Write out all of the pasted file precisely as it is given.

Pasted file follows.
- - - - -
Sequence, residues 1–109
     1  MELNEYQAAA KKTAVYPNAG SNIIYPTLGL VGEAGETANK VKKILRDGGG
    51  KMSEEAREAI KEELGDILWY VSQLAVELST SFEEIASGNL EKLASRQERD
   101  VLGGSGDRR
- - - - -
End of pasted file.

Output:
Sequence, residues 1–109
     1  MELNEYQAAA KKTAVYPNAG SNIIYPTLGL VGEAGETANK VKKILRDGGG
    51  KMSEEAREAI KEELGDILWY VSQLAVELST SFEEIASGNL EKLASRQERD
   101  VLGGSGDRR